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The Senior Experience: Finding Entry-Level Jobs

(The Verge) – For all graduating seniors, the idea of venturing out to find a job or get an internship at a prestigious company is among the top priorities on the list of things to do. As our education at Monmouth University comes to a close, we hope to look forward as leaders and follow the path to success by walking across the stage and receiving that long-awaited Diploma. And it seems, we all have it: Senioritis.
According to Merriam-Webster Dictionary, “Senioritis” is defined as a colloquial term that describes students who are nearing the end of their college and graduate school careers. As a university student in full throes of senioritis, I can relate to the overwhelming pressure of following my checklist of things to do: complete all coursework, apply for graduation, order the cap and gown, pay off bills to the Bursar office, purchase senior portraits online and much more. And then paying off the student loans. You log into Monster.com, Indeed.com and a plethora of job search engines hoping to find the perfect job that fits your degree to a tee.
Then, it hits you. The job is great, but it’s far. You’d have to drive a million miles before reaching it. Or the job needs more experience than you have. These issues are what drive many students to panic. Should seniors keep job-searching? Or just head off to grad school? And that can be interesting, considering all the steps one must take into applying for grad school. You encounter yet another checklist: get letters of recommendation, maintain a high GPA, write a personal statement, choose a characteristic of program (within your field, of course) , writing countless essays while filling out numerous applications and paying fees for every application you send out hoping to receive a letter confirming your acceptance. It can be overwhelming and a daunting task to experience.

The job market has been on a steady increase since 2008’s Great Recession, but that’s not to say all is clear and overwhelmingly optimistic. Seniors now are pondering thoughts on grad school, as certain majors have had hard times finding a job. Image taken froM: scm-l3.technorati.com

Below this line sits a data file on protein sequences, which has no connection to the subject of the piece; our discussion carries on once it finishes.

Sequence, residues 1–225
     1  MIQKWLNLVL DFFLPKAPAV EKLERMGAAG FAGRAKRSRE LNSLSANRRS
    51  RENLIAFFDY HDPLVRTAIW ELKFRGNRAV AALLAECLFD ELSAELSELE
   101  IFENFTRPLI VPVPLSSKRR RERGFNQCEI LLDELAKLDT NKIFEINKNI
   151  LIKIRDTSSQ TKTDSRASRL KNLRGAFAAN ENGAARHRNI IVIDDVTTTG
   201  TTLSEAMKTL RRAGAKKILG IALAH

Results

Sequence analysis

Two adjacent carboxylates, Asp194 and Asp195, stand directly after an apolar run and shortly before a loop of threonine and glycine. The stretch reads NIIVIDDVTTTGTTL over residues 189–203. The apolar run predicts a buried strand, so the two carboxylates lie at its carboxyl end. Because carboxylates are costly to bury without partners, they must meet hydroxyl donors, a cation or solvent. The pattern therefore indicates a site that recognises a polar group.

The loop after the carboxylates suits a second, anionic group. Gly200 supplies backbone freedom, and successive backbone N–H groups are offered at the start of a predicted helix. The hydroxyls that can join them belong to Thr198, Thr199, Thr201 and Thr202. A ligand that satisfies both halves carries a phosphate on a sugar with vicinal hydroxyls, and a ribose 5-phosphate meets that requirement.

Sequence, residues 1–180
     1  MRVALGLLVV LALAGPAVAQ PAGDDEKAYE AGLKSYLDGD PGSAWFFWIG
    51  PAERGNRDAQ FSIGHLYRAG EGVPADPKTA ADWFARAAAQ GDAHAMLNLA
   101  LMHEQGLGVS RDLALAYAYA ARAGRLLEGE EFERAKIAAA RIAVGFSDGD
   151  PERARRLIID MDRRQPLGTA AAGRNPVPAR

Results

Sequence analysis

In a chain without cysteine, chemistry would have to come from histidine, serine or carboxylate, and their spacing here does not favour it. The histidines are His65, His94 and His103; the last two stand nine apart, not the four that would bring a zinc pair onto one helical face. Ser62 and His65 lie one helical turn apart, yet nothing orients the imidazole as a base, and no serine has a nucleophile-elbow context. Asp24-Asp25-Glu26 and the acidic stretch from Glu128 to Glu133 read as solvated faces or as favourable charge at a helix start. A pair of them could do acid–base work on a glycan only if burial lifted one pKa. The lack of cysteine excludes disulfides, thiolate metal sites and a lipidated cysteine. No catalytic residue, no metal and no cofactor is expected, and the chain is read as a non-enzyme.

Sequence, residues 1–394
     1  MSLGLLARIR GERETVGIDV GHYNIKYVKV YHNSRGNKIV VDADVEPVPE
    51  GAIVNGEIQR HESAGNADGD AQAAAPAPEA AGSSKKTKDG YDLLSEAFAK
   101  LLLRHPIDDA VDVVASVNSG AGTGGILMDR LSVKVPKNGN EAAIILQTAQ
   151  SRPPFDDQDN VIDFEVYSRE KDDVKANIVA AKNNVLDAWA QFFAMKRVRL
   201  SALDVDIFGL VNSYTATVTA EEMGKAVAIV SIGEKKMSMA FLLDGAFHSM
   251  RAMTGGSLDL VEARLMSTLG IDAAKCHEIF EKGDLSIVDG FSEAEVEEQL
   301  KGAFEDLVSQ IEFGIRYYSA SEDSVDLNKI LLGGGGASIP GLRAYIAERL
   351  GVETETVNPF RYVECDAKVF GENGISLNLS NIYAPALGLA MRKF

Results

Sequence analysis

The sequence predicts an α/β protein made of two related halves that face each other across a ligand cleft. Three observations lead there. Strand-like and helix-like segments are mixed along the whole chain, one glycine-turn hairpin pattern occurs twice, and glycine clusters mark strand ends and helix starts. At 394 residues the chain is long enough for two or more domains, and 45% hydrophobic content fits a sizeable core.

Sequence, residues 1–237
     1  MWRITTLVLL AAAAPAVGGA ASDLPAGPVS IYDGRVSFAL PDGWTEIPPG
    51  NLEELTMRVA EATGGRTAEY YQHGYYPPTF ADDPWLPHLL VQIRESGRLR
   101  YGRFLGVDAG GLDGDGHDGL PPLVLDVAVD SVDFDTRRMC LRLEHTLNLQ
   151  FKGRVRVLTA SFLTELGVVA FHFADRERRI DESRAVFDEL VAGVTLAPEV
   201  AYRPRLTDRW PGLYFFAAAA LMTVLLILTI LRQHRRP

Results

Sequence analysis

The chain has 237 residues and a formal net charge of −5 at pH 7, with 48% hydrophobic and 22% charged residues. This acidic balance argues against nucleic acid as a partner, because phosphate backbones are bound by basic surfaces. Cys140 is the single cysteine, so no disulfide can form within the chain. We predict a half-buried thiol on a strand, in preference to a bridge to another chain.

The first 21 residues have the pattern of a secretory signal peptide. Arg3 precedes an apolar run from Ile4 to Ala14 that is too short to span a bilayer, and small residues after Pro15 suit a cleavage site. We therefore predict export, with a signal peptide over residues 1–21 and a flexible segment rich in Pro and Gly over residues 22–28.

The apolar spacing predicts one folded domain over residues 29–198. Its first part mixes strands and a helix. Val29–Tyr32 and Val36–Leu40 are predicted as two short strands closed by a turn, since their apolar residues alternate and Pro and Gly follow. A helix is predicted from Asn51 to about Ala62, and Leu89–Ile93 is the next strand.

The editorial, in the Huffington Post, “A Guide for Graduating Seniors”, Catherine Seraphin remarks on the hard road ahead after graduation and that grad school is not the only option to consider. In her opinion, she feels that when you start looking for a job, keep your mind open. Don’t eliminate internship opportunities during the search. Seraphin said, “Although it’s ideal to immediately begin your career, internships provide you with more of those personal connections. It also adds a little garnish to your resume while you buy time searching for a full-time position.”
Seraphin agrees that Grad school isn’t necessarily the solution, either. She adds, “Many go to grad school right after graduation simply to avoid the horrible job market. If that’s the case, you’re going to grad school for all the wrong reasons, especially considering you’re digging yourself further into debt. Yet, unfortunately, grad school has become the new college.”
Grad school is a lot of money, and I encourage all seniors to gather a few years of work and funds before diving into the application process. What if you start in your major field and end up hating it?
Nancy Gallo, Job Placement Coordinator in Career Services, commented on finding the right career in your field by testing it out first. “Instead of getting your MIT in teaching, one should have experience in substituting first in order to have an idea of what is to be expected when it becomes a full-time career.” She also noted that the use of LinkedIn could be a positive influence in job searching and that, “connecting and joining groups,” will introduce meeting people in your field with potential job offers. These strategies can aid you especially when it comes to your future plans after graduation. She mentioned the use of refining your search on job engines to find the right jobs and that it could be critical in order to achieve the best results.
A recent poll on the senior experience was conducted on April 15, 2013. Seniors and juniors commented on thoughts on life after graduation and pursuing entry-level jobs. English major Gregory Sanchez said, “Although I have two undergraduate degrees, I want to pursue a job in criticism.” He also commented on advice for incoming freshman adding, “Just work hard. All the prerequisite courses are still part of the bigger picture with a common theme.”
Richard Lytle, a history major, said: “I plan on attending grad school and working.” It is common for seniors who are graduating to attend graduate school. But Lytle disagrees. “Work for a year first, and then if you like it– pursue a degree in that field,” he says.
Other seniors are not sure about finding jobs after graduation. Kaitlin, a psychology major, said: “I am extremely nervous about the job market. I don’t know if I will be able to find a job.”
Whether you’re graduating and heading off to Grad School or starting out in an internship over the summer, graduation is a commemorative milestone to reach and as a member of the senior class, we should be proud and optimistic in the months to follow.
And after these cumbersome final exams are finished, we can finally say: Congratulations to the class of 2013!
“Hire Me!” A phrase many students will be thinking in the coming years after their graduation. Image taken from: fosterthomas.com